Over the last five years, the security implications of China’s 5G proliferation have received a steady amount of attention. But there is a lesser-discussed, increasingly important side of technological competition between the US and China: Beijing’s growing involvement in the many other critical components and technologies that power the future of global telecommunications, from the depths of the oceans to outer space.
Advanced technologies that will ride on top of 5G networks — such as robotics, drones, autonomous vehicles, augmented reality/virtual reality (AR/VR) and video surveillance cameras — could prove vulnerable. But so too can backhaul, subsea cables, mobile applications, and mobile devices that all contribute to the global telecommunications network. China has increased state investment in these areas, with an eye on controlling the networks that data is transported on and, potentially, access that critical data.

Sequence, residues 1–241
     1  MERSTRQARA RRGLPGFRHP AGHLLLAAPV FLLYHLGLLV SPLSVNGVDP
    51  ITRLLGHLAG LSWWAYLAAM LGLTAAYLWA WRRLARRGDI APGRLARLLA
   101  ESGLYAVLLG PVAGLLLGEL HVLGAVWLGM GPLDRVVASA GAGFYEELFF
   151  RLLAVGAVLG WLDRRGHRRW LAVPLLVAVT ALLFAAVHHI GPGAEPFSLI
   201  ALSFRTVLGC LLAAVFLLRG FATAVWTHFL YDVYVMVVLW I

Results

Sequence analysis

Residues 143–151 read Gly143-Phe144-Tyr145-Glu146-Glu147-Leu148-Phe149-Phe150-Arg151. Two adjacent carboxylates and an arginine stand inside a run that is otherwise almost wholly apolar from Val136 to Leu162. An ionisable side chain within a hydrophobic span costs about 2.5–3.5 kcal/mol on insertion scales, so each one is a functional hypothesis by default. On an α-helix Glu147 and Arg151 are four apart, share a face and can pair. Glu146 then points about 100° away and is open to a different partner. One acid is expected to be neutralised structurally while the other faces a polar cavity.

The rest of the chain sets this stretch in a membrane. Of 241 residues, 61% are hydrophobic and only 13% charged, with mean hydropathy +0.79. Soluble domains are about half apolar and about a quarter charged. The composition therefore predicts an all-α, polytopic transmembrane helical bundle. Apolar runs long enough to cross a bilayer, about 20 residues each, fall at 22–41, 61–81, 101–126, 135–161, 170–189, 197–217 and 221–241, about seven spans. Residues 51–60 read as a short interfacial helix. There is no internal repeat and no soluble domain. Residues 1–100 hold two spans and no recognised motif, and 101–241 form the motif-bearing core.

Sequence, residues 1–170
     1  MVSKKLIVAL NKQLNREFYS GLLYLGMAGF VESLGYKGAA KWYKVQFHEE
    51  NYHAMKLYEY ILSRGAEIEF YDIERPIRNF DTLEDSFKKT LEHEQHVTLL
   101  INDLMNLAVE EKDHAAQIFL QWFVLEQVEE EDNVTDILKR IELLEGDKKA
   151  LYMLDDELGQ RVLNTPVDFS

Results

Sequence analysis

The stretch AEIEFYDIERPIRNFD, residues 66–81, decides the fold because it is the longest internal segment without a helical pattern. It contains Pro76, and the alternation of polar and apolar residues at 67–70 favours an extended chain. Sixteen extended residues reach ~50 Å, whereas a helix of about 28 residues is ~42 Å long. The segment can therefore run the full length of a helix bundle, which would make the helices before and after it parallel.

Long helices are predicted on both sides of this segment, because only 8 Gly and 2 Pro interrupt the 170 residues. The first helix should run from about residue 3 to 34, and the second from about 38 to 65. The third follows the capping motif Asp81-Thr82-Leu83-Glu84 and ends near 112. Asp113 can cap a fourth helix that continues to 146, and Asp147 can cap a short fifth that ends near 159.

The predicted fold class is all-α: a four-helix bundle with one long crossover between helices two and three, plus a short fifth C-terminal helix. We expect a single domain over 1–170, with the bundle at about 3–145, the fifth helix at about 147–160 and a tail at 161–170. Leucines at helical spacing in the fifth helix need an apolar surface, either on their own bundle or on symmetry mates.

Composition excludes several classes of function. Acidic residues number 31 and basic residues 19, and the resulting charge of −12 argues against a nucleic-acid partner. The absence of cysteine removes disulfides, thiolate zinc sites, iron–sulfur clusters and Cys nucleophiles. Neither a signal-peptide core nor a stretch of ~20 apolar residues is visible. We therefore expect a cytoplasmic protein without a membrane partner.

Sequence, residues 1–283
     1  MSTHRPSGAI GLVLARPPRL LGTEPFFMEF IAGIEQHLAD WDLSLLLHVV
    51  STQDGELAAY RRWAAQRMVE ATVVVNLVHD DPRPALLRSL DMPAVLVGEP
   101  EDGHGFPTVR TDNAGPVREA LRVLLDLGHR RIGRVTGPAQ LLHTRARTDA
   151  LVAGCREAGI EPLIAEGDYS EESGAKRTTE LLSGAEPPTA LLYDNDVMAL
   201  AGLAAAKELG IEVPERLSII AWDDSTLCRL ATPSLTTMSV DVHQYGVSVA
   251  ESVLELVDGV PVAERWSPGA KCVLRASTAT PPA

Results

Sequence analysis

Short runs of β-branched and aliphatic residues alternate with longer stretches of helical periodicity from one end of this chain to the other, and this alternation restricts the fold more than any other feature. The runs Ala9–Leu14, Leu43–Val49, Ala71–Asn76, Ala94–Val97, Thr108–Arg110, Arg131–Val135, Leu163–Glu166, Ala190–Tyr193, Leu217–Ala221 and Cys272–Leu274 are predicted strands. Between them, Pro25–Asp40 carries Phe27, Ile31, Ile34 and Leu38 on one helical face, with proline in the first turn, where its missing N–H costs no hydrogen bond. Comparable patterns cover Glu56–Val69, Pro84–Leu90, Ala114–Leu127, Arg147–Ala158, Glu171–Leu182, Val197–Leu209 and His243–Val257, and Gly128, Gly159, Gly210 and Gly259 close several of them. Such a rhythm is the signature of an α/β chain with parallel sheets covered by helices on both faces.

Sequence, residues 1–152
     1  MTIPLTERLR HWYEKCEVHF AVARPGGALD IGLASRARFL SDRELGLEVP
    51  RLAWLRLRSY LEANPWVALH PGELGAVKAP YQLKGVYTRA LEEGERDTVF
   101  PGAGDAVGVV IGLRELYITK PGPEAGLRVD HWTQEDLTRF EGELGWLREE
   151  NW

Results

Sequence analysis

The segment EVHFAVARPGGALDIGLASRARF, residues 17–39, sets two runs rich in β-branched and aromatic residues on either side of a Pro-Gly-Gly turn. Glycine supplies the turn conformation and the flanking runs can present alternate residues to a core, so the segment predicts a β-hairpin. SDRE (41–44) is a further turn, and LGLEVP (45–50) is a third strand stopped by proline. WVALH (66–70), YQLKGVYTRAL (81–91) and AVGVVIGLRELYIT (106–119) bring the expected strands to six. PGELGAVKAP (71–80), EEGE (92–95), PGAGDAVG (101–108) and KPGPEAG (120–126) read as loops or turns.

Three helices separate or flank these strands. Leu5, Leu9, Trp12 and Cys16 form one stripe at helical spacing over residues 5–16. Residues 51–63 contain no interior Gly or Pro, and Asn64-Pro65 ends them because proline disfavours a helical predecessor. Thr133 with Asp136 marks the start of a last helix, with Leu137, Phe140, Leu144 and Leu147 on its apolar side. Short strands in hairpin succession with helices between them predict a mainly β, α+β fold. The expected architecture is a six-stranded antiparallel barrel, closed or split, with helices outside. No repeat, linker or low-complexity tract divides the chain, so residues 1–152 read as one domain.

The Biden administration needs to look up to space to provide a counter for China’s telecommunications plan.
China is approaching these with the same stance they have taken towards 5G — that domination is needed across the board. And unlike America, where the various communications technology sectors tend to run parallel but separate, China is seeking to intertwine everything, an important strategy that could give them a leg up on the US unless Washington can switch its thinking and take countering actions.
The good news: it’s not too late to take action, and in one crucial domain, the US still has dominance. As previously disassociated technologies begin to overlap, 5G applications through the space domain will be the connective tissue. Washington must prepare for this new frontier of technological competition by taking several steps to change the current thinking.
Read the full article from Breaking Defense.
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